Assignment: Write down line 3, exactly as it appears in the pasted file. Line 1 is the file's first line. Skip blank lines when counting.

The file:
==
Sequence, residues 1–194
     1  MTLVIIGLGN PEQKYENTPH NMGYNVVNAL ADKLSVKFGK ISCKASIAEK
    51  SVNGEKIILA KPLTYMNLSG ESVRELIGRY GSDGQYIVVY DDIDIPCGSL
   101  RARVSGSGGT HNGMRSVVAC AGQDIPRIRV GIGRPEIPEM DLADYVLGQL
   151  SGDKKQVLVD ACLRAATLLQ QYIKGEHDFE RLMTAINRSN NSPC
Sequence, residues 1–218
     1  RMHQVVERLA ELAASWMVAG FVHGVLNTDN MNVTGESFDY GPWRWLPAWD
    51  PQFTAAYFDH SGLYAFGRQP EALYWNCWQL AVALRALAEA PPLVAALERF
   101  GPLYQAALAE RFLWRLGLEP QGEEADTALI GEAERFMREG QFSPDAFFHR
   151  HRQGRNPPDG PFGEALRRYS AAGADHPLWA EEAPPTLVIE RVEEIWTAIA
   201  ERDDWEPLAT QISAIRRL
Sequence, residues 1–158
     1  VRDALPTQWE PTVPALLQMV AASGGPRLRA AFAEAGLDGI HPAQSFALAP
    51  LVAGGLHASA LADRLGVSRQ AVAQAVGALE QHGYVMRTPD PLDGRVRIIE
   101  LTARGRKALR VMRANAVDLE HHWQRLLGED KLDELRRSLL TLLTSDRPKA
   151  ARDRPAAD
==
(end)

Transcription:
    51  SVNGEKIILA KPLTYMNLSG ESVRELIGRY GSDGQYIVVY DDIDIPCGSL